Multimodal antidepressant vortioxetine causes analgesia in a mouse model of chronic neuropathic pain

Anna Rita Zuena, Daniela Maftei, Giovanni Sebastiano Alemà, Francesca Dal Moro, Roberta Lattanzi, Paola Casolini, Ferdinando Nicoletti

Research output: Contribution to journalArticlepeer-review


Vortioxetine is a multimodal antidepressant that potently antagonizes 5-HT3 serotonin receptors, inhibits the high-affinity serotonin transporter, activates 5-HT1A and 5-HT1B receptors, and antagonizes 5-HT1D and 5-HT7 receptors. 5-HT3 receptors largely mediate the hyperalgesic activity of serotonin that occurs in response to nerve injury. Activation of 5-HT3 receptors contributes to explain why selective serotonin reuptake inhibitors, such as fluoxetine, are not indicated in the treatment of neuropathic pain. Here, we studied the analgesic action of vortioxetine in the chronic constriction injury model of neuropathic pain in mice. Vortioxetine was injected once a day for 27 days at doses (10 mg/kg, intraperitoneally) that determine >90% 5-HT3 receptor occupancy in the central nervous system. The action of vortioxetine was compared to the action of equal doses of the serotonin-noradrenaline reuptake inhibitor, venlafaxine (one of the gold standard drugs in the treatment of neuropathic pain), and fluoxetine. Vortioxetine caused a robust analgesia in chronic constriction injury mice, and its effect was identical to that produced by venlafaxine. In contrast, fluoxetine was inactive in chronic constriction injury mice. Vortioxetine enhanced mechanical pain thresholds in chronic constriction injury mice without changing motor activity, as assessed by the open-field and horizontal bar tests. None of the three antidepressants caused analgesia in the complete Freund’s adjuvant model of chronic inflammatory pain. These findings raise the attractive possibility that vortioxetine can be effective in the treatment of neuropathic pain, particularly in patients with comorbid depression and cognitive dysfunction.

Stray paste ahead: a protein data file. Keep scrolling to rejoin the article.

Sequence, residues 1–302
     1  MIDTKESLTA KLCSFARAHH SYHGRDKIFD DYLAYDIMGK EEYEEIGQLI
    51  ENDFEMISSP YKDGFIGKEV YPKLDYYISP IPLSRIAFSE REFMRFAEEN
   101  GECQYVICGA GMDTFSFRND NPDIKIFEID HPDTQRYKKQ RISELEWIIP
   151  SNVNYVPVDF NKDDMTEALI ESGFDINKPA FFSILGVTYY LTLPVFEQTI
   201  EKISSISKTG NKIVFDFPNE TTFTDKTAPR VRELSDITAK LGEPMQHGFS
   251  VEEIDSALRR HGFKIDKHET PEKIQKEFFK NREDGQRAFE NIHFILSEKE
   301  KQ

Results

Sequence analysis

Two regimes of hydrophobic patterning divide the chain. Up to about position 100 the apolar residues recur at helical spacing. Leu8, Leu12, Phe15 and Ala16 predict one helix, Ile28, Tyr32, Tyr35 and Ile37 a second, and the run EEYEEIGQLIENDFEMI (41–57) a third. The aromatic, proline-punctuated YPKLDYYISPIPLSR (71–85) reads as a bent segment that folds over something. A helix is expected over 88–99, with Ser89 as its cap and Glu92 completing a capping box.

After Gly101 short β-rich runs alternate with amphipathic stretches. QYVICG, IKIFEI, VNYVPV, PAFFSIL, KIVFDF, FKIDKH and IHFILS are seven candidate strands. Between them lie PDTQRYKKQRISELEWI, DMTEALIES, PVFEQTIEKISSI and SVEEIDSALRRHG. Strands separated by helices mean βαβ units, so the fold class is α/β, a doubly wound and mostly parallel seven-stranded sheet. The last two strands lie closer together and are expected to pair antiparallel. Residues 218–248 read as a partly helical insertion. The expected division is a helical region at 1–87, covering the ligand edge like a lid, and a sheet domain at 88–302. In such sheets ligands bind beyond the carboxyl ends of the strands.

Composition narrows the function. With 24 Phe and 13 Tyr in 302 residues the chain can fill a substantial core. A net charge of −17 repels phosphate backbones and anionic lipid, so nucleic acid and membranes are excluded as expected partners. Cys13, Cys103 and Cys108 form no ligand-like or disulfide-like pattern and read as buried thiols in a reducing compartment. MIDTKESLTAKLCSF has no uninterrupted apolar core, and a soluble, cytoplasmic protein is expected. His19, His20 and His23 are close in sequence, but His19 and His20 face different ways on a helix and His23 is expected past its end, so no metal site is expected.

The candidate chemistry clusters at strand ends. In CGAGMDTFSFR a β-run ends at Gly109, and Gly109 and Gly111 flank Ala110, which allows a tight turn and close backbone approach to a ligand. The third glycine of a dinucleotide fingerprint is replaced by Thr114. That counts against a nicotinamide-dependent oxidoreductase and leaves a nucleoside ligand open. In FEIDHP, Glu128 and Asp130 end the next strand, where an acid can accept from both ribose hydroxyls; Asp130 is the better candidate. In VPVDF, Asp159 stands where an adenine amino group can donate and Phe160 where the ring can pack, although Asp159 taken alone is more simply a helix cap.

Original languageEnglish
JournalMolecular Pain
Publication statusPublished - Oct 1 2018


  • fluoxetine
  • inflammatory pain
  • neuropathic pain
  • venlafaxine
  • Vortioxetine

ASJC Scopus subject areas

  • Molecular Medicine
  • Cellular and Molecular Neuroscience
  • Anesthesiology and Pain Medicine


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